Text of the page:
Francis Pike

    Nancy Pelosi went rogue in Taiwan

    Nancy Pelosi went rogue in Taiwan
    Nancy Pelosi (Credit: Getty Images)
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    Old leaders can be among the best. Just look at Konrad Adenauer, who became German chancellor when he was 73 or Ronald Reagan who was days off 70 when he became president. But the United States’s political leaders are at risk of taking it too far. President Joe Biden has already regressed to childhood.

    Nowadays even the Democratic party do not consider him fit for purpose; he has lost credibility and authority. The 82-year-old US house speaker Nancy Pelosi, who arrived in Taiwan yesterday to much trumpeting by the West and much harrumphing by China, simply ignored Biden’s limp statement: ‘I think that the military thinks it’s not a good idea right now.’

    Pelosi wears her age well, albeit she has had more repair work than a British motorway. Sadly, cosmetic surgeons cannot work on her brain. At a time when cool heads are required on all sides, Nancy Pelosi has ignored warnings from all sides, including her own, that the visit by the most senior US government official for a generation, would raise geopolitical temperatures in the South China Sea.

    On arrival yesterday she pontificated with staggering unoriginality and pointless provocation to China, that ‘our congressional delegation’s visit to Taiwan honours America’s unwavering commitment to supporting Taiwan’s vibrant democracy'.

    Nancy Pelosi arrives at the Legislative Yuan, Taiwan's house of parliament (Getty Images)

    Not a statement or a visit worthy of risking war with China – a war, even if kept within the boundaries of conventional weapons, that would likely collapse the global economy. Because that is what is at stake. Bumbling Biden has already made the faux pas of saying that the US might intervene militarily if China invaded Taiwan – a statement immediately contradicted by the US State Department which has for a long time sustained a policy of ‘strategic ambiguity’ on this subject.

    For some who observe the start of Cold War 2.0, Taiwan is the next geopolitical shoe to fall after Ukraine. But this is a very different story. Since the famous Kissinger-Nixon rapprochement with China in the 1970s, the US has always accepted the legitimacy of the ‘One China’ concept. So has Taiwan; even President Tsai, leader of Taiwan’s pro-independence party, de facto continues to accept that Taiwan is a province of China. To do otherwise would provoke an immediate declaration of war by China.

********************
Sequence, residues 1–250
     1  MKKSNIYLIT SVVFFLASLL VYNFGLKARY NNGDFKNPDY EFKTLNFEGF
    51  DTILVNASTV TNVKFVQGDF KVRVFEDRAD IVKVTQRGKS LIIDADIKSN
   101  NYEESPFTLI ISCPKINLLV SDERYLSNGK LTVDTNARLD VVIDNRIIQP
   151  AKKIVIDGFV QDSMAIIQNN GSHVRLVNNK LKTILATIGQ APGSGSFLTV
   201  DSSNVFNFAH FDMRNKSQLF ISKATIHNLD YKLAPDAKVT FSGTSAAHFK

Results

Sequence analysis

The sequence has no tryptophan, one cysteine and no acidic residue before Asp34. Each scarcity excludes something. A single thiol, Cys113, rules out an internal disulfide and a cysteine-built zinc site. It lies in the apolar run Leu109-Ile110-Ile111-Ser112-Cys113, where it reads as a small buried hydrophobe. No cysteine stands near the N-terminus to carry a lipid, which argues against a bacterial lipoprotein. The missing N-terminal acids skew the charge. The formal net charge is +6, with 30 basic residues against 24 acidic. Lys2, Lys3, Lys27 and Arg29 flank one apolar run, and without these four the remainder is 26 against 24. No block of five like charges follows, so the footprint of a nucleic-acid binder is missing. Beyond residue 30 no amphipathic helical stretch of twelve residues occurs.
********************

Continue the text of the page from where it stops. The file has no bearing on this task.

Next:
Given that China’s ultra nationalist supreme leader Xi Jinping has openly stated his intention to take back administrative control of what it sees as its renegade province, tensions over Taiwan are inevitable. Military and diplomatic pressure on Taiwan has been massively ramped up over recent years. But jingoistic cat-calling by Pelosi stirs the pot and achieves nothing – gesture politics at its most absurd.

    America should just quietly continue to arm Taiwan to the teeth, which it has done since it was authorised by Congress’s 1979 Taiwan Relations Act. The result is that Taiwan has built a high-tech tiger trap that will terrify China’s military commanders.

    Moreover, the Belgium-sized island is, as anyone who has flown over Taiwan knows, two-thirds covered in dense forested mountains that are still inhabited by fiercely independent indigenous aboriginal tribes – ideal terrain for prolonged defence. Even a 1.5 million strong US army in Asia during the Pacific War passed on the plan to invade Taiwan (then Japanese controlled Formosa).

    In the meantime, America should avoid any acts, such as Pelosi’s visit to China, that could unwittingly provoke hostilities. As the geopolitical guru of his age Henry Kissinger recently stated: ‘It is important for the overall peace of the world for the United States and China to mitigate their adversarial relationship.’ At the advanced age of 99, Kissinger, who has recently authored a brilliant new book Leadership: Six Studies in World Strategy, has demonstrated that not all old politicos are past it. But he may be the exception that proves the rule.

    Written byFrancis Pike

    Francis Pike is a historian and author of Hirohito’s War, The Pacific War 1941-1945 and Empires at War: A Short History of Modern Asia Since World War II.

    Topics in this articleWorldPolitics